Although the word “folklore” (民俗学) remains the same, we see a movement from a definition based on the study of culture broadly defined (similar to Nishimura’s notion of cultural anthropology) to one inseparable from nation-states, or in other words, from a definition based on research methodology (based on a physical/cultural split) to one based on place (domestic or foreign). Yanagita’s insistence on the primacy of native knowledge in the field of minzokugaku represented a clear break with theoretical trends in European ethnology and folklore. The field of ethnology in Europe had always adopted the non-European “other” as its research object, and while European folklore, exemplified by Grimm in the early nineteenth century, was initially practiced within the bounds of Europe, it soon expanded to include European imperial possessions in a comparative framework as well.12 For instance, the influential British folklorist George Laurence Gomme compared Greek and Indian traditions of folklore in order to argue in support of Aryan supremacy in his 1892 work Ethnology in Folklore.
Yanagita later admitted that it was already too late for folklore studies (民俗学) to absorb ethnology (民族学) into a form of comparative folklore studies (比較民俗学) due to the fact it would be too difficult to change the name of government-sponsored ethnological institutes (Yanagita 1935). Instead, ethnology and folklore studies would both exist in an uneasy relationship throughout the prewar era. The field of ethnology ultimately received the most institutional backing, and, owing to its connections with state-sponsored racialist theories, was more discredited than folklore studies in the aftermath of the war.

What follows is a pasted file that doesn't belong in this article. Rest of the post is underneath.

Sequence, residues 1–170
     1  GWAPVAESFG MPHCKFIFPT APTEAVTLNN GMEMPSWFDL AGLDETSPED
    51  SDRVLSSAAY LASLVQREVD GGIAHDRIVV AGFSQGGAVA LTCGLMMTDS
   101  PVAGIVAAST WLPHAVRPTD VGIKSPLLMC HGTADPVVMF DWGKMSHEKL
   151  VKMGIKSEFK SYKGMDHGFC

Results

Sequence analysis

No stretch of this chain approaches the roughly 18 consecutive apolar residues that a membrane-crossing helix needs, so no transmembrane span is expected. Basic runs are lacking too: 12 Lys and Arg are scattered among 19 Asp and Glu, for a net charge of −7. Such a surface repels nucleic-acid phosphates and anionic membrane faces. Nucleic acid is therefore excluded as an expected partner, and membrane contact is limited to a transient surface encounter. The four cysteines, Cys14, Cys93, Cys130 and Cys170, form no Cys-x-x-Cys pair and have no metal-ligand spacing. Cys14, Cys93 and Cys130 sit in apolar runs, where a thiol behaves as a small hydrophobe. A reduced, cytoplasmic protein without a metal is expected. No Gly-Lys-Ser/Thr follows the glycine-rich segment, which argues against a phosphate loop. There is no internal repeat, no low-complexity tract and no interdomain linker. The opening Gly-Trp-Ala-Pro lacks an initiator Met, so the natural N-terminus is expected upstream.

Where Nishimura intended to separate minzokugaku from physical anthropology only, Yanagita had drawn a line in the sand separating minzokugaku from ethnology/anthropology as a whole on the basis of national borders, asserting the primacy of place and engendering a form of disciplinary provincialism that postwar folklorists would try to ameliorate in order to revitalize their dying discipline. Keio historian Oguma Eiji recently offered the following explanation for Yanagita’s break with anthropology:
The first reason Yanagita kept anthropology at arm’s length was that he needed to establish the independence of the new academic discipline of folklore from closely related academic disciplines. It is also possible that he was opposed to the methodology of Western cultural anthropology that investigated the customs of colonized regions from the standpoint of the civilized conqueror. (Oguma 2002:200)